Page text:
Yasmin Kapadia, a psychotherapeutic counsellor in Brighton who works with young people, including many activists, urges counsellors to engage. ‘We cannot afford to continue hiding in the protected bubbles of our consulting rooms, carrying on with the business of counselling as usual and pretending the destruction of the world outside is not happening. There will be no therapy on a dead planet.’ Of her activist clients, she says, ‘Their eyes are wide open to the fact that their futures are affected by this. They talk about it with their friends – all the time.’4
Deep knowing and caring
Even though we may be aware it’s happening, for many in the Western world, the climate emergency still seems remote – and there is a difference between knowing and deep knowing, and between caring and deep caring. Until the summer of 2018, I had not allowed myself to deeply know or, if I am honest, deeply care. While I had lived an environmentally thoughtful life for some years, and had a foreboding sense that the world was heading for serious trouble, the enormity and extent of climate change and biodiversity loss hadn’t really sunk in. When it did, my awakening evoked (and still does) a range of emotions and feelings, including grief, heartbreak, anger, despair, guilt and strong urges to act, along with moments of euphoria when I read ‘good’ climate news, and varying degrees of hope. I have since found outlets to help to manage, and sometimes distance, my distress, including activism, intensive academic study on climate change and peer support groups. My awakening also led to me noticing more acutely what was being said about climate change in my two main professions, coaching and therapy, and what was not.
In the coaching world, there was little coverage or engagement until a small group of us issued a call to action, which resulted in the formation of the Climate Coaching Alliance (CCA)5 in 2019. It now has around 1,200 members and the formal support of 11 major coach membership bodies. CCA was inspired by the Climate Psychology Alliance,6 a collaboration with around 1,800 members, which is hosting a Climate Psychology Post-COP26 Summit this month. Ecopsychology UK7 is another pioneer in this area, and now has around 3,000 members. Recently, the British Psychological Society’s Division of Clinical Psychology appointed a new climate champion8 and the Royal College of Psychiatrists declared a ‘climate emergency’.9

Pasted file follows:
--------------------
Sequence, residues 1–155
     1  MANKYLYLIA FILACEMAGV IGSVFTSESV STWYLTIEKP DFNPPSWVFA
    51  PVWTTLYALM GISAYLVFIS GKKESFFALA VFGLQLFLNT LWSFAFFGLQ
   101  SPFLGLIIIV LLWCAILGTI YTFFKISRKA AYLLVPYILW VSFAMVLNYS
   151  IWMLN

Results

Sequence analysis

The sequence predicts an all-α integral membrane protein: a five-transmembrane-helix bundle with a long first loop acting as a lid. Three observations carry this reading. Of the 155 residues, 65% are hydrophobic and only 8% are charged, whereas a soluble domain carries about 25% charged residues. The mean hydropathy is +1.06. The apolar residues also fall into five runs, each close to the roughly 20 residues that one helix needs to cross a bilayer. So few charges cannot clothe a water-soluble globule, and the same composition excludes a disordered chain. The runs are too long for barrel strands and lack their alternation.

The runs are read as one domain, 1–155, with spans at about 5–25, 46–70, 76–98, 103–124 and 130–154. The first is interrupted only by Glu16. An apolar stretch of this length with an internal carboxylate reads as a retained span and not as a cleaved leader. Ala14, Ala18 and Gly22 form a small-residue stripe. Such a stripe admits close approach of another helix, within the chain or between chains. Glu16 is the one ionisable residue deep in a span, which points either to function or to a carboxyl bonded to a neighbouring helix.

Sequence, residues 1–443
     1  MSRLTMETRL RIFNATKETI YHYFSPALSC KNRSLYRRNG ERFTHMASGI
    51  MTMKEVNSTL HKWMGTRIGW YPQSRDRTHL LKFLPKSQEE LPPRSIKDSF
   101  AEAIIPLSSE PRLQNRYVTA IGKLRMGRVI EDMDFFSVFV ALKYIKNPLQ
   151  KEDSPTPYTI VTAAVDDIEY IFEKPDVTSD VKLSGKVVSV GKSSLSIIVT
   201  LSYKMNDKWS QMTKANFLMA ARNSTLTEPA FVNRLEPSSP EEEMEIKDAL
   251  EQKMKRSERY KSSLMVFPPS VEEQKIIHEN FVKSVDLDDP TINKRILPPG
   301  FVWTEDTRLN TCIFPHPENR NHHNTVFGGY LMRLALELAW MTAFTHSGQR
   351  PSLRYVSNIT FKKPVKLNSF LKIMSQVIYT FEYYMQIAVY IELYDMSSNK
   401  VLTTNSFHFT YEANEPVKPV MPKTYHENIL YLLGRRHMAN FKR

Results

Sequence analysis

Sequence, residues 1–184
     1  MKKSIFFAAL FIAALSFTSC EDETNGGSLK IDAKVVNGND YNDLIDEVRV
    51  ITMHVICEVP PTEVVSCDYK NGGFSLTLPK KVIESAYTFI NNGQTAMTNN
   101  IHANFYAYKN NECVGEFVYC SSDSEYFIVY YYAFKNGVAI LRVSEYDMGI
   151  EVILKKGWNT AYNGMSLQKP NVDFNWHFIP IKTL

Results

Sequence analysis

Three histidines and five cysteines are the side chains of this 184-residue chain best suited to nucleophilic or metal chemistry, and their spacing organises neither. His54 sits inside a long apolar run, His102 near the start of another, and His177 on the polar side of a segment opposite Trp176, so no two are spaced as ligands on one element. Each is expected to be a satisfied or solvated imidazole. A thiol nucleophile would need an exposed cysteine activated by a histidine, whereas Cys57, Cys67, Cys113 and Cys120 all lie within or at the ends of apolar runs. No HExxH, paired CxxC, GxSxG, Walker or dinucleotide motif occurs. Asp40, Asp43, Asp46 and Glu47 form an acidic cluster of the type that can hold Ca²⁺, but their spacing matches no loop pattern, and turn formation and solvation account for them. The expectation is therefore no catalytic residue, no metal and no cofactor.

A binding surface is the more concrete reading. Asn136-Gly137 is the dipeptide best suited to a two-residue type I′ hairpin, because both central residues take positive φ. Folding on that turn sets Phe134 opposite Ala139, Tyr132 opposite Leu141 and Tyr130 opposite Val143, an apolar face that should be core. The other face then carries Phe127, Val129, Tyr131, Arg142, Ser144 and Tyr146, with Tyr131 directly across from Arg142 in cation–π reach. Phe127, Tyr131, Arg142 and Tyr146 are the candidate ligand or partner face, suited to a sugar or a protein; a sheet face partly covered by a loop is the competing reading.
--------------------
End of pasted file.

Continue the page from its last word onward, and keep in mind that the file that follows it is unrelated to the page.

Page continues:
So, there is action, but little that seems to be directly driven by the counselling community, despite the well-documented impact of climate change on mental health. A 2021 report by the Grantham Institute finds ‘substantial evidence that climate change has a detrimental and multifaceted impact on mental health, with significant costs to individuals, health systems and economies that are currently unaccounted for in policy and practice’.10
Hilary Prentice, an integrative psychotherapist who co-founded Ecopsychology UK, asked in a 2014 Therapy Today article, ‘How are we to come out of our trance, our denial, can we possibly address the mess we are in, without being able to see, name and describe it?’11 When I spoke to Prentice recently, she says we still show little sign of waking up and accepting what has been described as ‘the pivotal psychological reality of our time’.12 She describes presenting her work on ecopsychology and climate change to a group of therapy students and receiving a response of, ‘What on earth does this have to do with psychotherapy?’ She asks, ‘So how do we talk across that chasm?’
Psychotherapist and climate psychologist Steffi Bednarek is concerned that we aren’t reflecting more on the focus of our practice in relation to climate change. ‘If we only focus on supporting people who present with eco-anxiety and presume that we’ve already got all the tools, I think that’s short-sighted. As Naomi Klein says, “Climate change changes everything”,13 and therefore everything must change – that includes us too. James Hillman said, “We’ve had 100 years of psychotherapy, and the world is getting worse”,14 and that begs the question, how have we colluded with that?’
Aside from the journal Psychotherapy and Politics International15 and the Journal of Environmental Psychology,16 which have covered these issues for some years, there have been just a few, albeit deeply thoughtful contributions to the discussion in other UK therapy publications, as far as my research shows. The October 2019 edition of the New Psychotherapist,17 the journal of UKCP, was devoted to the subject, asking ‘Is tomorrow’s world cancelled?’ So too was the August 2020 issue of the Clinical Psychology Forum, the journal of the British Psychological Society Division of Clinical Psychology.18